See How Small (Paperback)

A Novel

By Scott Blackwood

Back Bay Books, 9780316373944, 240pp.

Publication Date: September 15, 2015

Other Editions of This Title:
Digital Audiobook (1/19/2015)
Hardcover (1/20/2015)
Pre-Recorded Audio Player (1/20/2015)

List Price: 14.99*
* Individual store prices may vary.

Description

A riveting novel about the aftermath of a brutal murder of three teenage girls, written in incantatory prose "that's as fine as any being written by an American author today" (Ben Fountain).

One late autumn evening in a Texas town, two strangers walk into an ice cream shop shortly before closing time. They bind up the three teenage girls who are working the counter, set fire to the shop, and disappear. See How Small tells the stories of the survivors -- family, witnesses, and suspects -- who must endure in the wake of atrocity. Justice remains elusive in their world, human connection tenuous.

Hovering above the aftermath of their deaths are the three girls. They watch over the town and make occasional visitations, trying to connect with and prod to life those they left behind. "See how small a thing it is that keeps us apart," they say. A master of compression and lyrical precision, Scott Blackwood has surpassed himself with this haunting, beautiful, and enormously powerful new novel.


About the Author

Scott Blackwood is the author of two previous books of fiction, In the Shadow of Our House and We Agreed to Meet Just Here, and the recipient of a Whiting Writers' Award. He's also the Grammy Award-nominated author of The Rise and Fall of Paramount Records, a two-volume narrative about American's greatest "race record" label and the rise of early jazz and blues. Blackwood resided in Austin, Texas, for many years and now lives in Chicago.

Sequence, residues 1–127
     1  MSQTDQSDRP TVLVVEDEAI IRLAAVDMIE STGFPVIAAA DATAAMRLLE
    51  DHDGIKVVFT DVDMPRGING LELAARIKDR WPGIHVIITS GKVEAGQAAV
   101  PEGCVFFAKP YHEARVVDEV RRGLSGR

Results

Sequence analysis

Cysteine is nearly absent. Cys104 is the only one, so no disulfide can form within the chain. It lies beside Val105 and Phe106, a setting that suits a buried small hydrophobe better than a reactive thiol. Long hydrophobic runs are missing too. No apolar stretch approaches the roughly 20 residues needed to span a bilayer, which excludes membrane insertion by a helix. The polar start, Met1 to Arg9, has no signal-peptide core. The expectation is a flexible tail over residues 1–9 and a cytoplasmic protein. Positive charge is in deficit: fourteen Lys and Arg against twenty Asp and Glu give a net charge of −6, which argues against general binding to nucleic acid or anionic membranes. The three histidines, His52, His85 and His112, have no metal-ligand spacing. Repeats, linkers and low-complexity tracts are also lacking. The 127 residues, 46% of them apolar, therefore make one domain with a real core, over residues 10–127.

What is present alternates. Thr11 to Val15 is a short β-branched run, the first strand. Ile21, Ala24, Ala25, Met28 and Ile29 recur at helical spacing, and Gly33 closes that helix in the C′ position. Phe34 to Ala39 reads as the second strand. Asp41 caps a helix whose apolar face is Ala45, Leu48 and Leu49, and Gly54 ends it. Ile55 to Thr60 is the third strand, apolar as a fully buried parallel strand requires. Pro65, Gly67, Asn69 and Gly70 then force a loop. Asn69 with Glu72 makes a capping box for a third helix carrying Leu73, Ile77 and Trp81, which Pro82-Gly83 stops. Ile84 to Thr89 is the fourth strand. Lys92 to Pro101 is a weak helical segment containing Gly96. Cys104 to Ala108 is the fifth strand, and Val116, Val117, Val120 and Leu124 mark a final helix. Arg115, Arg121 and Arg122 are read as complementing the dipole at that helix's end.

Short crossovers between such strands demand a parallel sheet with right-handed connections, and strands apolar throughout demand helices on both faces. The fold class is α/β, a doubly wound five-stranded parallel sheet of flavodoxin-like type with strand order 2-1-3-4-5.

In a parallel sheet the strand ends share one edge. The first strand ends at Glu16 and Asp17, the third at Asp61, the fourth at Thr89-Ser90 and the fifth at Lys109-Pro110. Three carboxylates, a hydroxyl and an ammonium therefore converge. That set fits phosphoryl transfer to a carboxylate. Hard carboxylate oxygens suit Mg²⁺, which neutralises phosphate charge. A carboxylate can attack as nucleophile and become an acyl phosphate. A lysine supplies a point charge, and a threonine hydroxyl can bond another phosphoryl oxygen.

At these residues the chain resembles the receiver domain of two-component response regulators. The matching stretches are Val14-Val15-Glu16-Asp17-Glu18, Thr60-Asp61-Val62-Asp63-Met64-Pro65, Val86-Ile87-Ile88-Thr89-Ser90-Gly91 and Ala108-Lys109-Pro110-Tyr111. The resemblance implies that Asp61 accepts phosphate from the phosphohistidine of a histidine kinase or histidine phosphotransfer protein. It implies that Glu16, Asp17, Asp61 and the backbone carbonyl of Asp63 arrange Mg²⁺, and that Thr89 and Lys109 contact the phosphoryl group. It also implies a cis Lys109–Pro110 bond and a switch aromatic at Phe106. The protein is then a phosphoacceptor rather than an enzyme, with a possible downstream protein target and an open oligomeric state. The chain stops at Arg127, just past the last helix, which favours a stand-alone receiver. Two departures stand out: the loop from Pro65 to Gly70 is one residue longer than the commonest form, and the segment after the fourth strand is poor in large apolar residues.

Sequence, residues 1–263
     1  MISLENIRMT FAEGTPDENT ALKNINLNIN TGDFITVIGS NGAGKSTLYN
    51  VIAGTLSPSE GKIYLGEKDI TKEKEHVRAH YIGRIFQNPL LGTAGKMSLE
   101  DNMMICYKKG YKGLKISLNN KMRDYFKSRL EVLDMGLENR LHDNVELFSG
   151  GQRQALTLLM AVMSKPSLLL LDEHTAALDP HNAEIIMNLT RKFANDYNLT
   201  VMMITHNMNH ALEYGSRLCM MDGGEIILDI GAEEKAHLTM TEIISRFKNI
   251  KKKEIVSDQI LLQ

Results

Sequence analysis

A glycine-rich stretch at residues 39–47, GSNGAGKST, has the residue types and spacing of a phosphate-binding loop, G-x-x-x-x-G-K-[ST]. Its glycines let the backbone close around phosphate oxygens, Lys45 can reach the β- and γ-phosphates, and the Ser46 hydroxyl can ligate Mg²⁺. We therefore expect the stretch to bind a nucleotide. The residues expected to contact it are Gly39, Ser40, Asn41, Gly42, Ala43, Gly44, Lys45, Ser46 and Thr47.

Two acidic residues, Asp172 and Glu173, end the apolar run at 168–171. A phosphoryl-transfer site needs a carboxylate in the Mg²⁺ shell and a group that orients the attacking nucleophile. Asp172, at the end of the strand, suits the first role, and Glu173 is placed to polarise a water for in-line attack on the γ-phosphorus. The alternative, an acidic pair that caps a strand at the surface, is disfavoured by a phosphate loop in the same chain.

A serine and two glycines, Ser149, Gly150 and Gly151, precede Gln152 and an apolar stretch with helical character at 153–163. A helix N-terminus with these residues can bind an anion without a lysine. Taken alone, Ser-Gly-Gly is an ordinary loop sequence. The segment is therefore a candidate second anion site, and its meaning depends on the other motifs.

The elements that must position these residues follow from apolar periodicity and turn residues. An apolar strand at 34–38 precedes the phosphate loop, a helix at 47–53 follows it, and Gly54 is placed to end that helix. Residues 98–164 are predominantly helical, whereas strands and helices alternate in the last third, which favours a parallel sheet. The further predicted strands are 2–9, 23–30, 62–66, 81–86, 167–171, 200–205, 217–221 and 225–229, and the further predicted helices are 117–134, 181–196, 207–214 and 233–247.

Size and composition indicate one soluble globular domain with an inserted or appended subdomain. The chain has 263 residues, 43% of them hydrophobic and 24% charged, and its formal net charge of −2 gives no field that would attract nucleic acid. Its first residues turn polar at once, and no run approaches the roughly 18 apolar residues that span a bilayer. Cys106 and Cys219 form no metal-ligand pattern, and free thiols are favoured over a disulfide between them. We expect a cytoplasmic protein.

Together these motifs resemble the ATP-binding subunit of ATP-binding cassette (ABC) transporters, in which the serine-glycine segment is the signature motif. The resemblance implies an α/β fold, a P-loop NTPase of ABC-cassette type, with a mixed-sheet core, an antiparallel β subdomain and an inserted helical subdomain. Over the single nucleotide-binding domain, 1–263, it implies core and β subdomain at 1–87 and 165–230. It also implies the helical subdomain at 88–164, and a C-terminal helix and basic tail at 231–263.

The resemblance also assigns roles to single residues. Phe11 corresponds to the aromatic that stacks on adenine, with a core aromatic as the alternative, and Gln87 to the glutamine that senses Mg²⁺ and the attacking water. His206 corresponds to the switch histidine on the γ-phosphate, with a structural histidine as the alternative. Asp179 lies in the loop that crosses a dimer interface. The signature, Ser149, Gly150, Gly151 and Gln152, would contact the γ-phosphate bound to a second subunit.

Praise For See How Small: A Novel

"Horrible deaths of the innocent, and the various means and tactics by which the living manage to go on in the aftermath of unsolved horror, form the heart of Scott Blackwood's haunted and haunting novel, See How Small. His prose is crisp and his narrative approach is fresh and inventive, calmly pushing forward, with characters rendered so convincingly you think about sending cards of condolence or calling with advice on the investigation."—Daniel Woodrell, author of Winter's Bone and The Maid's Version

"See How Small is superb. In prose that's as fine as any being written today, Scott Blackwood plumbs the depths of a story that is alternately haunting, terrifying, and achingly tragic. Blackwood illuminates the human condition even as he breaks our hearts."—Ben Fountain, author of Billy Lynn's Long Halftime Walk

"Scott Blackwood is a wizard, and in See How Small he puts his skills to dazzling use as he anatomizes a town and a crime. Best of all is the deep empathy he brings to his characters, innocent and guilty, wise and confused; all of them are given the grace of his understanding. A vivid and astonishing novel."—Margot Livesey, author of The Flight of Gemma Hardy

"The novel has much to say about the mysteries of the human psyche, the far-reaching effects of violence, and the disparate ways grief works on people."
Booklist

"See How Small is the sort of book that is so good, it's difficult to even talk about it. You want to just place it in people's hands and say, 'Shhhhhhh, just slow down and read this.' Blackwood takes the most devastating story imaginable and lifts it-heart and soul-into something transcendent."—Peter Orner

"Similar...to Alice Sebold's The Lovely Bones, this lyrical, abstract, and less sentimental novel by Blackwood...may haunt literary fiction readers long after the unsettling ending."—Library Journal

"Emotionally layered."
Chicago Magazine

SEE HOW SMALL

"The greatest novels are somehow more than just novels. They challenge their readers and ferry them through madness toward unknown and undiscovered places.... See How Small is just such a book.... With beautiful language and sometimes surreal passages, [Blackwood] delves into the various characters connected to the deaths of the young women.... A tour de force. It is both epic and intimate."—William Jensen, Texas Books in Review

"A thoughtful portrait of a grieving town."
Joumana Khatib, New York Times Book Review